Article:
What keeps me up tonight? The rattling of the water pipes which I interpret, of course, as a bona fide earthquake. I’ve been living here in California for a year now, and the question always in the back of my mind is, “When exactly am I going to experience an earthquake and will I recognize it when it’s starting?”
Another thing that keeps me awake at night is wondering when and where I will find my next job. What I thought would be my last ditch effort–signing up with a temp agency–can no longer be my LAST ditch effort because yesterday’s meeting didn’t give me the warm and fuzzies. I expected to be thrown in the pool and get cranking with some opportunities but instead all I got was a bit of hemming and hawing from a 30-something year old senior staffer at the temp agency who twisted and contorted her smile enough to indicate I might be tough to place. Thirty years of experience working in corporations and research facilities and she’s wondering if she can place me in an office. I suddenly felt my age. I suddenly felt that the world had morphed overnight and I’d somehow slept through it.
I focused my gaze intently making sure my eyes didn’t twitch when she suggested I consider $10/hr pay, as it would open up my opportunities–I was holding out for a whopping $15/hr. I’ve been prepared to scrape the bottom of the bucket in order to get a job; apparently, I’ll have to get under the bucket altogether.
I walked away wondering how it was that I feel absolutely at the top of my game with what I have to offer, but nobody is picking me to be on their dodgeball team. I’m suddenly the kid with the taped eyeglasses again–the one with the chipped tooth and the hem of my skirt hanging down. And the captain of the team? The new mayor of Dodge? Well, that would be the perky, 30-something year old scrutinizing my qualifications with an insincere smile and a red, ball-busting pen. Slam–straight to the head. Didn’t see that one coming.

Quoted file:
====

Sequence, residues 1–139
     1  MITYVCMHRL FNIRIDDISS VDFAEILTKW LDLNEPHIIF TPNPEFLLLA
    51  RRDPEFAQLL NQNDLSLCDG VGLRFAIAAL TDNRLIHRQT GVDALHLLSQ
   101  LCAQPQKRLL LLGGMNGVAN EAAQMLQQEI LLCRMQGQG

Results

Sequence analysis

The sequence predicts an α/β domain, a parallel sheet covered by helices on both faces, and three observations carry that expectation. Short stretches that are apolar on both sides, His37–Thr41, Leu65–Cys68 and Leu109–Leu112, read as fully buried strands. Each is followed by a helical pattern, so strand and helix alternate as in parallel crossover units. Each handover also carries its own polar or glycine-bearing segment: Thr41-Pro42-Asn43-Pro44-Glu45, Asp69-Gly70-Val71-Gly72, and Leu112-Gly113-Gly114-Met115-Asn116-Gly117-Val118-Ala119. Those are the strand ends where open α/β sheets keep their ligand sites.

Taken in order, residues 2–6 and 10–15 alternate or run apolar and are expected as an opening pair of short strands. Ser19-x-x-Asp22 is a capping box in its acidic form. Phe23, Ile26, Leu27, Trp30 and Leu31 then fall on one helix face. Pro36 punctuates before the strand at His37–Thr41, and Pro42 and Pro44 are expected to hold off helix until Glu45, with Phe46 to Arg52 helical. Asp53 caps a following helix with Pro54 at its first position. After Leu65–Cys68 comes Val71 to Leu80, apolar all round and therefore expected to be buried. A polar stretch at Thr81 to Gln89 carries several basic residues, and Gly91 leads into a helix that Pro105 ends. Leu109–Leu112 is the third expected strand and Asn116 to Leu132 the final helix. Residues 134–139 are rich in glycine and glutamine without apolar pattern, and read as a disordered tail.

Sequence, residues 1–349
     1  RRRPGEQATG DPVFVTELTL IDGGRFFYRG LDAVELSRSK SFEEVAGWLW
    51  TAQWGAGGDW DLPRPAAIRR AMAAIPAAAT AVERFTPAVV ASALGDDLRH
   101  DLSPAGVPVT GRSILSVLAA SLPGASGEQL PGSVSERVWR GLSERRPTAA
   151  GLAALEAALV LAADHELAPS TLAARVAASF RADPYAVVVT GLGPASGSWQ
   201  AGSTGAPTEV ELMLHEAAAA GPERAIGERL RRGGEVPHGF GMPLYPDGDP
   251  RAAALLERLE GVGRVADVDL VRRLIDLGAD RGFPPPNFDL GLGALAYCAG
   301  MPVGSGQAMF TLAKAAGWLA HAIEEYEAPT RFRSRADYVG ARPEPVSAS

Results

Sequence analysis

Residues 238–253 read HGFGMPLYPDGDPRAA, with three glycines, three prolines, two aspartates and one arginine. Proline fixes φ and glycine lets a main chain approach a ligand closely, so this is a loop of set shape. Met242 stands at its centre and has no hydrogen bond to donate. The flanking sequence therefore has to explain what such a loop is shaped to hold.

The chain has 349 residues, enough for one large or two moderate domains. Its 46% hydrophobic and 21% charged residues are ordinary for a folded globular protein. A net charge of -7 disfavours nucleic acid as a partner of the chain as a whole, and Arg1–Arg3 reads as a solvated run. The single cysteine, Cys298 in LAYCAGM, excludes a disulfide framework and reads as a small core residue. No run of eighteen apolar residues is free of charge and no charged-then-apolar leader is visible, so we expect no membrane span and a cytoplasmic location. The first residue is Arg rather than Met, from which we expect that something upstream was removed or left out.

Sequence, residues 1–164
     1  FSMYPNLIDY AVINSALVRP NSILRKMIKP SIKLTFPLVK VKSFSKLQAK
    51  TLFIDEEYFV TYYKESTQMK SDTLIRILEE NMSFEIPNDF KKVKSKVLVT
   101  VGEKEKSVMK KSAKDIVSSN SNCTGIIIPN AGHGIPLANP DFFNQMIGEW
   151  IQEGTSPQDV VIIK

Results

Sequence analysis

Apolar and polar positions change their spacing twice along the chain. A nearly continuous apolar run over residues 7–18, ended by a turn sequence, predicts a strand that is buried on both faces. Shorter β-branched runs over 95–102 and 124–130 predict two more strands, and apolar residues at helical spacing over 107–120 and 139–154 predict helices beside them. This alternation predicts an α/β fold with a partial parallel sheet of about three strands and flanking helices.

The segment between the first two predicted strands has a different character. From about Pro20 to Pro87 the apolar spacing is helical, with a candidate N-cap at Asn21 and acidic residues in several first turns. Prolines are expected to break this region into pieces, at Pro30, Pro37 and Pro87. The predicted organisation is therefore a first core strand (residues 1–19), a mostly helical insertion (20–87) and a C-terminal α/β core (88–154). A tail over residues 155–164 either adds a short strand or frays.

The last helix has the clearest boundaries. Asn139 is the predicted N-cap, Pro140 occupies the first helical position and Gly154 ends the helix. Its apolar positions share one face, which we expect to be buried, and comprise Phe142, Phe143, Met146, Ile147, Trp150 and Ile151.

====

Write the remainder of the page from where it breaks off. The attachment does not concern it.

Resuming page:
Yes, the game has changed. There’s a new mayor in town. And, like it or not, I’d better learn the new rules, which–best as I can figure–is really no rules at all. In today’s job market, we job seekers are expected to throw balls at hidden targets hoping somehow to score. We then spend the rest of the time just trying to stay in the game.
Welcome to Dodge . . . the most overpopulated and poorly run town on the planet.
Do wish me luck. The welcoming committee was laid off a long time ago.